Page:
The SPA was no joke. In its first two decades as a party, from 1901–1920, more than 1,000 SPA candidates were elected to public office, according to University of Washington researchers Rebecca Flores and Arianne Hermida, including 130 mayors, dozens of state lawmakers, and two members of the US Congress. But support for socialists waned in the 1920s, alongside the rise of the Soviet Union, and by 1960, American socialists had more-or-less vanished from elected office. The rudderless SPA floundered through the next decade, beset by internal disagreements, and eventually split in the early 1970s.
The Socialist Party USA has been one of the more prominent offshoots, having secured at least one local elected office since 2012, but others, like the Trotskyist Socialist Alternative Party, still compete for political oxygen. "Right now in the US, there's a ton of lefty organizations, and they generally tend to share some common history," Soltysik says, "but the infighting—the sectarianism—is incredible."
The Socialist Party USA suits Soltysik's temperament. The vibe is more low-key than what he calls the "heavily academic" tone of other socialist groups, and the party actively encourages goofing around at meetings.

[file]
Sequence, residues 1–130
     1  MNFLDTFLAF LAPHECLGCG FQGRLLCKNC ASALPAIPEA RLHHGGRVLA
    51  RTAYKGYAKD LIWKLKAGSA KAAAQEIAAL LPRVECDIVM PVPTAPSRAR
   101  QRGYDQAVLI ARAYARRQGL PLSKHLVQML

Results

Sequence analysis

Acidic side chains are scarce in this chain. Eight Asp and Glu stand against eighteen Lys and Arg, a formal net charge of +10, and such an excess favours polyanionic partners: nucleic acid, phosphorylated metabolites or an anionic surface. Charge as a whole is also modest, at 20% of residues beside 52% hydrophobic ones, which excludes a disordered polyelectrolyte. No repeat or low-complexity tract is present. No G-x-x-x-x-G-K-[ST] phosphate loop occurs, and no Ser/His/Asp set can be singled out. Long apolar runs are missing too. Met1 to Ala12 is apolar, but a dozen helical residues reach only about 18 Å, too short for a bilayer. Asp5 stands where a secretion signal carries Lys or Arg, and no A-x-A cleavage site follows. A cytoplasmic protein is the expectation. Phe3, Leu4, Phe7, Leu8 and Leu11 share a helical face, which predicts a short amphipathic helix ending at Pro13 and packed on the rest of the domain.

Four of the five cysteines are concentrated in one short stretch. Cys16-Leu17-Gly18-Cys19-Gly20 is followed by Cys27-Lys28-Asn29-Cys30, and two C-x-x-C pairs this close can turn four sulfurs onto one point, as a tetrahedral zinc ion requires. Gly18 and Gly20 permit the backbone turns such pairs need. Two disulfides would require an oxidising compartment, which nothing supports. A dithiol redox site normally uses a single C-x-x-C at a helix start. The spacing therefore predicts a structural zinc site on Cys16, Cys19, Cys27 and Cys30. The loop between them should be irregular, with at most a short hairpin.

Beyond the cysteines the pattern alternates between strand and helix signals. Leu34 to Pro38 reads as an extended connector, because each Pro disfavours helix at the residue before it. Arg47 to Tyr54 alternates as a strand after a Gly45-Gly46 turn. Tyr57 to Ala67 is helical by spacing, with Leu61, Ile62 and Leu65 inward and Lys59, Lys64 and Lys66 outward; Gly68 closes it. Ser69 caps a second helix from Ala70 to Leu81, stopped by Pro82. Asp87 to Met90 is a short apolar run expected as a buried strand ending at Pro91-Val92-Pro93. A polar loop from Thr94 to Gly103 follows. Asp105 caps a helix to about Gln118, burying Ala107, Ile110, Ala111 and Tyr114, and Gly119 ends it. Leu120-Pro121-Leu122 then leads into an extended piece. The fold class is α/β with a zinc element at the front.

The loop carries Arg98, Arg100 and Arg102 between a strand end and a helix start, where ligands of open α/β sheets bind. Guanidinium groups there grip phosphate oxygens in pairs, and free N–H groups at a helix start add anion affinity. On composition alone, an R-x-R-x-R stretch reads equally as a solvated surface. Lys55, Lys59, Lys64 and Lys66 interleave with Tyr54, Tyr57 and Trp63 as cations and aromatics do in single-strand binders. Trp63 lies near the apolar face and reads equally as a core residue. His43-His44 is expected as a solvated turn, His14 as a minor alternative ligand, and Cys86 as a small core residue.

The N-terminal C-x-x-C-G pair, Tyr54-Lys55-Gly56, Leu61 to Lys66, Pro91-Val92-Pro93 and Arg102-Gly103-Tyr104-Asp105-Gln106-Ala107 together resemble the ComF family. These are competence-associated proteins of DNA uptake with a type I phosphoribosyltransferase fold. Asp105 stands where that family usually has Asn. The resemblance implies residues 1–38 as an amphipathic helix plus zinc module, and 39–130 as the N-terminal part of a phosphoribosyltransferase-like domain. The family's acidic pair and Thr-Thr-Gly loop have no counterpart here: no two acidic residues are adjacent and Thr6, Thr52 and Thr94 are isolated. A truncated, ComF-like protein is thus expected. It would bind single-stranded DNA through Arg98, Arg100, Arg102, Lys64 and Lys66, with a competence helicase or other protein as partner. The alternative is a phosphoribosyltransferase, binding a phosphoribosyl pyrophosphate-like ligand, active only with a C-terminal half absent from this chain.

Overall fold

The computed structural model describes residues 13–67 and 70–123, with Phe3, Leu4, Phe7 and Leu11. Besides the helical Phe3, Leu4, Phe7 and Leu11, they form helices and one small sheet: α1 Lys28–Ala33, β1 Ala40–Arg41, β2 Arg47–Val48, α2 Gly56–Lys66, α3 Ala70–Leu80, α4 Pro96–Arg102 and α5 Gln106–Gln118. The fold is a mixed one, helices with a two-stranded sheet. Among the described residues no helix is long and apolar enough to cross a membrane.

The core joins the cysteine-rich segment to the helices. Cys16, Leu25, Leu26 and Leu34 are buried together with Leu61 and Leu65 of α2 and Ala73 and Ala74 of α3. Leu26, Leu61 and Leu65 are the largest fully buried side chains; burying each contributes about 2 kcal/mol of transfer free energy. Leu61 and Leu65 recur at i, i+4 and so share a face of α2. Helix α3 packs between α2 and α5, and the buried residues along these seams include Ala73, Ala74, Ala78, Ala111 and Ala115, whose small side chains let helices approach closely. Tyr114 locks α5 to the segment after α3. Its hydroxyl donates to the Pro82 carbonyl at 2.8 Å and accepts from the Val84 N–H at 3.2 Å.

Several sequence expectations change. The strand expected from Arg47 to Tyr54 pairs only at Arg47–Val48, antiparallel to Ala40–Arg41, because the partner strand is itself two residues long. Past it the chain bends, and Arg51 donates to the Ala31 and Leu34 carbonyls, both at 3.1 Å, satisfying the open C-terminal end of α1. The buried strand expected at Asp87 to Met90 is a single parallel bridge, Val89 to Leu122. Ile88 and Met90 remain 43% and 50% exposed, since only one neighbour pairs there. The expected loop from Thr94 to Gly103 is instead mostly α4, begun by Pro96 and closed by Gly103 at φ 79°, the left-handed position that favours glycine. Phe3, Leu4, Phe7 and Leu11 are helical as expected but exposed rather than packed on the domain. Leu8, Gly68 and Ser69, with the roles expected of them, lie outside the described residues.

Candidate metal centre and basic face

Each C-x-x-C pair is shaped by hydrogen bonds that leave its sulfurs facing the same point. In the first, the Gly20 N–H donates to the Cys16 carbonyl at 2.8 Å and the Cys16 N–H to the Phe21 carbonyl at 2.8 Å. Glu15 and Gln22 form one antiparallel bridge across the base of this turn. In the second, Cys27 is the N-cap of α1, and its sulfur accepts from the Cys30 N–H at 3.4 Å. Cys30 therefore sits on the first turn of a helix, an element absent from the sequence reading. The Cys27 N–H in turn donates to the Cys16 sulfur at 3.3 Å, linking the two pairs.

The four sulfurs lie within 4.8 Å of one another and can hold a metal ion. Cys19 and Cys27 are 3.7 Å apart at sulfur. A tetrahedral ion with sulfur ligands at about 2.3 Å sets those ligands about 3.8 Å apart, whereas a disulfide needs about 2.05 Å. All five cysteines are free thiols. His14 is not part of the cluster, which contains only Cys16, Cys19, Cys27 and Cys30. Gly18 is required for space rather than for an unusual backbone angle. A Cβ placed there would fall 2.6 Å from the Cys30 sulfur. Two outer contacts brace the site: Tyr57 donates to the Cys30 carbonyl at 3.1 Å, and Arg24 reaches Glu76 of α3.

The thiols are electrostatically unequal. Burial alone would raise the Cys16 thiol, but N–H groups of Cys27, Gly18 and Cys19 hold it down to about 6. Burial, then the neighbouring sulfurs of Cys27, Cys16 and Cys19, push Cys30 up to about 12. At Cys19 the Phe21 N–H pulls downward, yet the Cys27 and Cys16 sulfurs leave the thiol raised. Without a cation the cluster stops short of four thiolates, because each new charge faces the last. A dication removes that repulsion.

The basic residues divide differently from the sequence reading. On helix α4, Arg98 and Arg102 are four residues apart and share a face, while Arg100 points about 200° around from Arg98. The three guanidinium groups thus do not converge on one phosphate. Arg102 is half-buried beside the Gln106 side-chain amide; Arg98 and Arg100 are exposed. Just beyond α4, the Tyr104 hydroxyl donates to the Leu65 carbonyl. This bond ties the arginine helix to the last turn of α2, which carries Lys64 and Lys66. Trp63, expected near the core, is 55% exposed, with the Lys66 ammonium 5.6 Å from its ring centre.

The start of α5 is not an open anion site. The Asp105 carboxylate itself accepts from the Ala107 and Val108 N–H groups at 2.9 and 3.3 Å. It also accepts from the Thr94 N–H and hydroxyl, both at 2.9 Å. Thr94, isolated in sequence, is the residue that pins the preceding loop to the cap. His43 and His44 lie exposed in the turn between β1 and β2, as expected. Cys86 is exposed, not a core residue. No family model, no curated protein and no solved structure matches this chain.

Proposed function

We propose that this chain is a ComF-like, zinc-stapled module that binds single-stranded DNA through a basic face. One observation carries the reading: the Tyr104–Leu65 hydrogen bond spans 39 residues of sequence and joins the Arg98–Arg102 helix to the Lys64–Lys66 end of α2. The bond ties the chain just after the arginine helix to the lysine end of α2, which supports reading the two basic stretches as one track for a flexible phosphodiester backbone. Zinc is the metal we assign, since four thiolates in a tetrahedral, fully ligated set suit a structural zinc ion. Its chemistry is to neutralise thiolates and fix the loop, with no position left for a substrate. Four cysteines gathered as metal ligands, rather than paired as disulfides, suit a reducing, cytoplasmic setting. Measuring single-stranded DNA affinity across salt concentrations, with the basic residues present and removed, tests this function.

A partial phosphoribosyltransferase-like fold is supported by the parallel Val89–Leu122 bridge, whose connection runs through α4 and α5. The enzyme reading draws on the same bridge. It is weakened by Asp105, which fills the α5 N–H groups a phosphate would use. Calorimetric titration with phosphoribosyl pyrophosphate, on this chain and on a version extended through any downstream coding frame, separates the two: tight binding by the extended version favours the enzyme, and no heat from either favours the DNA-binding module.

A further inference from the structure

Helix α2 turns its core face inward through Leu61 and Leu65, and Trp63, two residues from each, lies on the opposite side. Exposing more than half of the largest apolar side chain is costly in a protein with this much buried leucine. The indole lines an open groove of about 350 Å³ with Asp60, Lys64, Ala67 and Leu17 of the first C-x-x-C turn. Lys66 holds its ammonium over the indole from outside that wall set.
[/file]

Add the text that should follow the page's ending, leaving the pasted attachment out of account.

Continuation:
"One of the best things I think I ever heard," he tells me, "was at one of our national meetings. Somebody asked our national secretary, like, 'Oh, I met some guy who's sort of interested. Should I bring him to a meeting?' The national secretary said, 'Well, fuck a meeting. Go have a drink with him. Go watch a movie or some shit.'"
That Soltysik likes his politics casual and crude makes sense. His origin story makes him sound like a character in a Springsteen song: He grew up in the depressed Rust Belt town of Reading, Pennsylvania, the son of blue-collar parents, who he says had him very young. His father was a welder at Dana Steel, and Soltysik remembers him coming home temporarily blind, his skin reddened from exposure to welder arcs. "I remember the shade he was. Kind of burgundy," Soltysik says.
"Such an American story," he adds. "They shut the plant. So many of these folks lost their jobs. My dad was one of them."
Between the ages of 17 and 32, Soltysik played guitar in a stoner metal band called Pill Shovel. The group attained enough local success in the late 90s to prompt its members to attempt a fateful move to Los Angeles in 2000. For money, he picked up whatever work he could find. "I think I set a world record, along with some of my friends, for getting fired from jobs," he laughs.